How to make sourdough bread right in your own kitchen! I've included a step-by-step video and every tip I could gather to help you make homemade sourdough!
Recipe byTessa Arias
150gramsactive, fed starter
10gramsfine sea salt
Cornmeal, for dusting
In a the bowl of a stand mixer combine the starter, water, olive oil, and bread flour. Mix with your hands until it comes together in a shaggy mass. Let it rest for 30 minutes.
Attach the dough hook to the mixer and begin kneading the dough on low speed. Add in the salt. Increase the speed to medium and knead for about 5 minutes, or until the dough is smooth and soft.
Place the dough in a lightly oiled bowl. Cover the bowl with plastic wrap and a clean kitchen towel. Let it rise in a warm place until doubled in volume. In a warm climate, this will take about 3 hours. In a cold climate, this can take up to 12 hours. You can let the dough rise overnight in the fridge.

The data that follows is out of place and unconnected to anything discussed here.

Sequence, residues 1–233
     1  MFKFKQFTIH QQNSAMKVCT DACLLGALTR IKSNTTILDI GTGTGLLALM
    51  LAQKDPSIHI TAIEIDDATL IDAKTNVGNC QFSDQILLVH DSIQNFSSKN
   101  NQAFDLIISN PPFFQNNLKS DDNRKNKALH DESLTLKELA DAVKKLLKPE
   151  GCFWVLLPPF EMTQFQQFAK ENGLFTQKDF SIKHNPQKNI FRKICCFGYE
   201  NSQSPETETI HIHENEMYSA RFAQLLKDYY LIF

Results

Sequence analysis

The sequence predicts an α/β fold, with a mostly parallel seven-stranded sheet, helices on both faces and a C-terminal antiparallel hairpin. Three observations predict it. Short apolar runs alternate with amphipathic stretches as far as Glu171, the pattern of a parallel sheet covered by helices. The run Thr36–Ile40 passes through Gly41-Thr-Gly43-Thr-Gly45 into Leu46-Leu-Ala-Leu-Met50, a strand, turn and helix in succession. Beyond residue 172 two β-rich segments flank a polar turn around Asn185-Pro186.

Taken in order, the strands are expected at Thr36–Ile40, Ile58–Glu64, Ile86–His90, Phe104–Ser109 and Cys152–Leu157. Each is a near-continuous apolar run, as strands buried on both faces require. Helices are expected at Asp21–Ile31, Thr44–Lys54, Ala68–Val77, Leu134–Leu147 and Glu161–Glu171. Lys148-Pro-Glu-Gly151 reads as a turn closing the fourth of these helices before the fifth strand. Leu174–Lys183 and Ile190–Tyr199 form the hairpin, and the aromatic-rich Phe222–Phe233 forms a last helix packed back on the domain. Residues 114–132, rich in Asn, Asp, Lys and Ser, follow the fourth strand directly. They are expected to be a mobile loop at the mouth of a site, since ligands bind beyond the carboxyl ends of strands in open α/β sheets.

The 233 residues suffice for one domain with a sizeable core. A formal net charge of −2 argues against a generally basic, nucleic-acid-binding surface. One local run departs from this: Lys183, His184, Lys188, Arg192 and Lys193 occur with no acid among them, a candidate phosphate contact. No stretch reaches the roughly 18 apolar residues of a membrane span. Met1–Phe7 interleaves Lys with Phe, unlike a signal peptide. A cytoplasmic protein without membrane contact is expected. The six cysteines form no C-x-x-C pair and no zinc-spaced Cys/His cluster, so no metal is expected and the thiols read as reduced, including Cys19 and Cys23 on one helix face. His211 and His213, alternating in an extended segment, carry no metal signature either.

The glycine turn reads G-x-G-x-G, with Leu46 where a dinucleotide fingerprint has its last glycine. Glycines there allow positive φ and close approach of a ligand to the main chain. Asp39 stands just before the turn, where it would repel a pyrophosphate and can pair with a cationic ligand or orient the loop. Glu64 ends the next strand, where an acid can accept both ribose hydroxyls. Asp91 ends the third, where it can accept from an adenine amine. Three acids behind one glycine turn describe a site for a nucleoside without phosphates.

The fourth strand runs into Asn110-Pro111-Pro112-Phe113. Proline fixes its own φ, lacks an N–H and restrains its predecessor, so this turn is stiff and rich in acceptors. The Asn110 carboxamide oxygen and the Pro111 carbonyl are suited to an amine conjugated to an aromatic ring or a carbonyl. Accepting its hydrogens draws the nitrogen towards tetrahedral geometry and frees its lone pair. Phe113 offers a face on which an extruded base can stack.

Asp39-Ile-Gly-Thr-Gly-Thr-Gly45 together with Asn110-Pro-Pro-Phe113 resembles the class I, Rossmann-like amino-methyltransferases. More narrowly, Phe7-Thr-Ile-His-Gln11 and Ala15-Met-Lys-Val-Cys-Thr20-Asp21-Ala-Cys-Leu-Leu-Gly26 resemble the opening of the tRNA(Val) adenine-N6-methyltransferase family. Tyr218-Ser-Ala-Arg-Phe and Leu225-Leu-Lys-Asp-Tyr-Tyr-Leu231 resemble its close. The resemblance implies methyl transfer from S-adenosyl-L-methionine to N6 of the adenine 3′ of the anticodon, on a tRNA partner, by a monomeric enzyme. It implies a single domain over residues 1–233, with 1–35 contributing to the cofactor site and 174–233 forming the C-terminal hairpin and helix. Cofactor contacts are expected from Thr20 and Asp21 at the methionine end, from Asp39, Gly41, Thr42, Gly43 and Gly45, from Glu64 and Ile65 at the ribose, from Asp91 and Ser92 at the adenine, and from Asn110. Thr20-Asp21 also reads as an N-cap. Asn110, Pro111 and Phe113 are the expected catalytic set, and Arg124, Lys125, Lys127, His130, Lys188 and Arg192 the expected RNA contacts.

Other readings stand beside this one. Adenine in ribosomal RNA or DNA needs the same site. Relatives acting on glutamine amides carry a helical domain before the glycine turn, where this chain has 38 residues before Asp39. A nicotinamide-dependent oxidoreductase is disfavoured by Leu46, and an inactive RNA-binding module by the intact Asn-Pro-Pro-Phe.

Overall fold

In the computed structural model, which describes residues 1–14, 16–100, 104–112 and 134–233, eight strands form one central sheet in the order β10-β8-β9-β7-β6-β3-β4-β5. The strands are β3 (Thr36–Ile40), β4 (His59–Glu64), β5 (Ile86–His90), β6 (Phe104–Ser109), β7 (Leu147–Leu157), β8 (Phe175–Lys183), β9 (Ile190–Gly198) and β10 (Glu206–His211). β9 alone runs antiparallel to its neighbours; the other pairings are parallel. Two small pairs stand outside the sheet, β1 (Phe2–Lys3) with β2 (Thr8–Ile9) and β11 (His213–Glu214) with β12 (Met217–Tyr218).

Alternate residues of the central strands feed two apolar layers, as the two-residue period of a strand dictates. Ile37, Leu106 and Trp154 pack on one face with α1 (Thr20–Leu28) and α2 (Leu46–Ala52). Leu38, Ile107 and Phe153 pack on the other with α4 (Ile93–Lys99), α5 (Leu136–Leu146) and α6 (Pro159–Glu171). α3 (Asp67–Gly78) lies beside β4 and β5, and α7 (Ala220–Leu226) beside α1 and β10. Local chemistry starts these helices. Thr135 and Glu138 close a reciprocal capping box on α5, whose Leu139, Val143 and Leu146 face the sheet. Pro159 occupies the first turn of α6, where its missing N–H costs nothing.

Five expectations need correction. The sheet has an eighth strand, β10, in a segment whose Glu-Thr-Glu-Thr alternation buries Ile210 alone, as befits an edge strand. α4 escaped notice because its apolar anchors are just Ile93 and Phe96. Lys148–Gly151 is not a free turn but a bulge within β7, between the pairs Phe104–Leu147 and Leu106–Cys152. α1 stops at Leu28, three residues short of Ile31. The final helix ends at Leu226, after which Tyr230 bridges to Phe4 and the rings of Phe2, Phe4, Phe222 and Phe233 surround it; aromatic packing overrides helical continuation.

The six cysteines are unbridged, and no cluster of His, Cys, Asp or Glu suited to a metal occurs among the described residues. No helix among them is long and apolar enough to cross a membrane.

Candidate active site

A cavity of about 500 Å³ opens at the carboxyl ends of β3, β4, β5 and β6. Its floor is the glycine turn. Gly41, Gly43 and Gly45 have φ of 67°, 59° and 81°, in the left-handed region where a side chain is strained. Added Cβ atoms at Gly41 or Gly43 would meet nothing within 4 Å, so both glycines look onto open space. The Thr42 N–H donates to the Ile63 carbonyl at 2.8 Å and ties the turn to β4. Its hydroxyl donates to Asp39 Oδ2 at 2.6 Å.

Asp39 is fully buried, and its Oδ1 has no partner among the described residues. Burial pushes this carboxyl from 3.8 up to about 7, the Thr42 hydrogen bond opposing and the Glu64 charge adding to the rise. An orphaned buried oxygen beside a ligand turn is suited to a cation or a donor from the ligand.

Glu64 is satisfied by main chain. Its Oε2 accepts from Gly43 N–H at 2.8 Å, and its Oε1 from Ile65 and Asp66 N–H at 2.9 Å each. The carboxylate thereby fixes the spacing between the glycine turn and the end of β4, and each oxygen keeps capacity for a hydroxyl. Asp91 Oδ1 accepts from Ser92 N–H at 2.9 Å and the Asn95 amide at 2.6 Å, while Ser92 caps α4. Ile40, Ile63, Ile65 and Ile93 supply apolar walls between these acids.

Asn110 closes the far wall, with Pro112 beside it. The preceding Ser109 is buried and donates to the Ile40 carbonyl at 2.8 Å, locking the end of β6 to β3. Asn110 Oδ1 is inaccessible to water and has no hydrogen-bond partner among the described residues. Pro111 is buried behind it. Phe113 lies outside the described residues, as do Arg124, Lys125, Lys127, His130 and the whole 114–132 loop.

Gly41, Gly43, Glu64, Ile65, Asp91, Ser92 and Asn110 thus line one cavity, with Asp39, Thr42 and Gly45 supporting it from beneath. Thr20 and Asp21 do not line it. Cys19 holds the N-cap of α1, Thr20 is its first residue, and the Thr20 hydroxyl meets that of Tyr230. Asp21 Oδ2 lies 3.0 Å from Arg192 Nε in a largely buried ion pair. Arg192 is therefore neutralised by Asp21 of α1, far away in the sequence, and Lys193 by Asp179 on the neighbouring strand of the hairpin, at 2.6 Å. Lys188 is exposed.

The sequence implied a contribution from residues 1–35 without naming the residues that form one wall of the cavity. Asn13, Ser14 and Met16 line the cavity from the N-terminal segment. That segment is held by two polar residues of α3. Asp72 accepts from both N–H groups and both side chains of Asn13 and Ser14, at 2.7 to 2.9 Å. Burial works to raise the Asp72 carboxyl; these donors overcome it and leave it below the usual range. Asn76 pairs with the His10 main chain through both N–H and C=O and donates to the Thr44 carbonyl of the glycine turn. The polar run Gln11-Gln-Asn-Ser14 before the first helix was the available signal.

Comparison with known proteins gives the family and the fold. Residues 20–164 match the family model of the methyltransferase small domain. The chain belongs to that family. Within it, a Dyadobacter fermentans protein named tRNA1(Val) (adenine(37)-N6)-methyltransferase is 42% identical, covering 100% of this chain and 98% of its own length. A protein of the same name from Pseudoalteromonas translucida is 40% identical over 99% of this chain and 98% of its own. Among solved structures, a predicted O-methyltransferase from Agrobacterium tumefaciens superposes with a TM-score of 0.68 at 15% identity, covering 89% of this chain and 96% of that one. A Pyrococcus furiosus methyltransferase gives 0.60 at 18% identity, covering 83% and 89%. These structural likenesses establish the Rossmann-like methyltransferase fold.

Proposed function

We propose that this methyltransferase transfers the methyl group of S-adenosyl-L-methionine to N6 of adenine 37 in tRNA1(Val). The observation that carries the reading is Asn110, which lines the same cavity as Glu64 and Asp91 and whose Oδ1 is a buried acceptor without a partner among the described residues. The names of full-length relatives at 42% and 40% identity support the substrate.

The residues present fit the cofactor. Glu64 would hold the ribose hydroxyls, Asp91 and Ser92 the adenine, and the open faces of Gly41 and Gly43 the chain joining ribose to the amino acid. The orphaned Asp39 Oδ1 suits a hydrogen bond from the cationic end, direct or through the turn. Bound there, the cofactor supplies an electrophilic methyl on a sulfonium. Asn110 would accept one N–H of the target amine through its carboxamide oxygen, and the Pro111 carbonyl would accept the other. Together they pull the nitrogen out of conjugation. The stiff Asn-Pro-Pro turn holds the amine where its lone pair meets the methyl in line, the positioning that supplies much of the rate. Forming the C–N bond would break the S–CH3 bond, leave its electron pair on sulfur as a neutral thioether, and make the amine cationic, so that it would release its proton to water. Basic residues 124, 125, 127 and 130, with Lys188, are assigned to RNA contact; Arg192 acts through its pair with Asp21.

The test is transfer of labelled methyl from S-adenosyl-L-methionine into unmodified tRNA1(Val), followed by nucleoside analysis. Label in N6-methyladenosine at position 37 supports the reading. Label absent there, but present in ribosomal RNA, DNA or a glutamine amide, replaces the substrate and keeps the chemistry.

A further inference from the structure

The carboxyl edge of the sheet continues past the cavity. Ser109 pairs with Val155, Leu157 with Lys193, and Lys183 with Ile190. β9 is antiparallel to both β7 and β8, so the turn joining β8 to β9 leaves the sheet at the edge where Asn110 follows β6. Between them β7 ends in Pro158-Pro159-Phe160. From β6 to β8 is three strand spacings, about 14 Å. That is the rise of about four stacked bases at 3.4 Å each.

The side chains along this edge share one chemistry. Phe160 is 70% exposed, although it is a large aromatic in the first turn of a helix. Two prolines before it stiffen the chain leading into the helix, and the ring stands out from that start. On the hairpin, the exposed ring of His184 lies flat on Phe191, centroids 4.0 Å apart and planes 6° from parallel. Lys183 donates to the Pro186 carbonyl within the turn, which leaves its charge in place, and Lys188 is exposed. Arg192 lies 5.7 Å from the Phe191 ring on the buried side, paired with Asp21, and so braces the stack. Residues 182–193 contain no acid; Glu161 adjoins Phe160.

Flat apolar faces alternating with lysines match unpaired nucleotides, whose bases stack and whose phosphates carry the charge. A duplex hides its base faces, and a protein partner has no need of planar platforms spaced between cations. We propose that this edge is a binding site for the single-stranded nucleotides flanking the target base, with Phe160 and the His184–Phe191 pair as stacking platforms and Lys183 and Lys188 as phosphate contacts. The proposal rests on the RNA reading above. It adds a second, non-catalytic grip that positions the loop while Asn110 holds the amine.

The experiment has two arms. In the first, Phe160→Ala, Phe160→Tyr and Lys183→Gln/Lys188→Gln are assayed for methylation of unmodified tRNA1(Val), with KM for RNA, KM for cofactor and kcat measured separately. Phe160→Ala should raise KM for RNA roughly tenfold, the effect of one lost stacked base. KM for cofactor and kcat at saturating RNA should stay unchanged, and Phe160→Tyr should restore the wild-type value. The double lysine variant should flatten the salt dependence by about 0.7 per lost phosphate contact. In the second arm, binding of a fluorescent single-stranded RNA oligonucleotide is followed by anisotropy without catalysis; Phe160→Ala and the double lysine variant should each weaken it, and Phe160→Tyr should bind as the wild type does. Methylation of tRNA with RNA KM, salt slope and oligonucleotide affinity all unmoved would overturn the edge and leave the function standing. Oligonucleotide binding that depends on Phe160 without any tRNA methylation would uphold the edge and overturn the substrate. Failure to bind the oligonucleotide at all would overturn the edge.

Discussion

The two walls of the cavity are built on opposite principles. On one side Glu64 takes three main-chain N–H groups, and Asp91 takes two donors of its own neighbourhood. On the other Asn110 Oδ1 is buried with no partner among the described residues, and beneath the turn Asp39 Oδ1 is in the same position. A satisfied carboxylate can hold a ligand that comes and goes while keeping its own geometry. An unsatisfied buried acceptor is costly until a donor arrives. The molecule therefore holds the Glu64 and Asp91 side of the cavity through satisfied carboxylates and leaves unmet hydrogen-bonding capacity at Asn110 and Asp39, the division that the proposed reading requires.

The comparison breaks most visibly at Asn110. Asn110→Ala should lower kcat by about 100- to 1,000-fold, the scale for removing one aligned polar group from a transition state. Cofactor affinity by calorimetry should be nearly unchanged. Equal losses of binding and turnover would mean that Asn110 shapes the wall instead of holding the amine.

Remove the dough from the bowl and place on a lightly floured work surface. Cut the dough in half to make 2 smaller loaves. Cover and store the extra dough in the fridge or freezer until ready to bake.
Gather the dough, one side at a time, and fold it over into the bottom center. Place the dough seam side down. Use your palms to roll it around into a tight ball. Coat the bottom of a Dutch oven with cornmeal and place the dough inside. Cover and let rise again for 1 to 2 hours, or until puffy.
Meanwhile, preheat the oven to 450°F. Use a very sharp knife to make a 2-inch long shallow slash in the center of the dough.
Cover the dough with the Dutch oven lid and place in the oven. Reduce the temperature to 400°F and bake for 20 minutes. Remove the lid and continue to bake uncovered for an additional 40 minutes, or until very golden brown. During the last minute or baking, crack the oven door open just enough to allow moisture to escape for a crisper crust. The sourdough is done when the internal temperature reaches about 205°F.
Remove the bread from the oven and let cool on a wire rack for an hour before slicing and serving.
If you have questions about feeding the starter or how you should time your sourdough making, see the helpful schedule directly above.